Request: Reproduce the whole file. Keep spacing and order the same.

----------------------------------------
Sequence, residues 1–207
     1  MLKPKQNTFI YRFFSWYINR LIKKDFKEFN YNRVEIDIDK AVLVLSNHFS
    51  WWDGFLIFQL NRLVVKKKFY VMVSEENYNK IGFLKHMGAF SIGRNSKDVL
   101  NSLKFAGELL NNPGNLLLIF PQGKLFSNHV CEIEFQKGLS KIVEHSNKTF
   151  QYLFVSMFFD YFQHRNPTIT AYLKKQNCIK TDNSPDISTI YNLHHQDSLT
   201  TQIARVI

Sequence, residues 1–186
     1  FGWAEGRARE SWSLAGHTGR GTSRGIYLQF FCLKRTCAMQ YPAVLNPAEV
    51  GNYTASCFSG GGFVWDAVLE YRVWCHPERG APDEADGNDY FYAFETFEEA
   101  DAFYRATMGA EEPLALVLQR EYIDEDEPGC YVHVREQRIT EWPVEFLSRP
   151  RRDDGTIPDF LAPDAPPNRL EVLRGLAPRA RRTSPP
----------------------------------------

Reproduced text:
Sequence, residues 1–207
     1  MLKPKQNTFI YRFFSWYINR LIKKDFKEFN YNRVEIDIDK AVLVLSNHFS
    51  WWDGFLIFQL NRLVVKKKFY VMVSEENYNK IGFLKHMGAF SIGRNSKDVL
   101  NSLKFAGELL NNPGNLLLIF PQGKLFSNHV CEIEFQKGLS KIVEHSNKTF
   151  QYLFVSMFFD YFQHRNPTIT AYLKKQNCIK TDNSPDISTI YNLHHQDSLT
   201  TQIARVI

Sequence, residues 1–186
     1  FGWAEGRARE SWSLAGHTGR GTSRGIYLQF FCLKRTCAMQ YPAVLNPAEV
    51  GNYTASCFSG GGFVWDAVLE YRVWCHPERG APDEADGNDY FYAFETFEEA
   101  DAFYRATMGA EEPLALVLQR EYIDEDEPGC YVHVREQRIT EWPVEFLSRP
   151  RRDDGTIPDF LAPDAPPNRL EVLRGLAPRA RRTSPP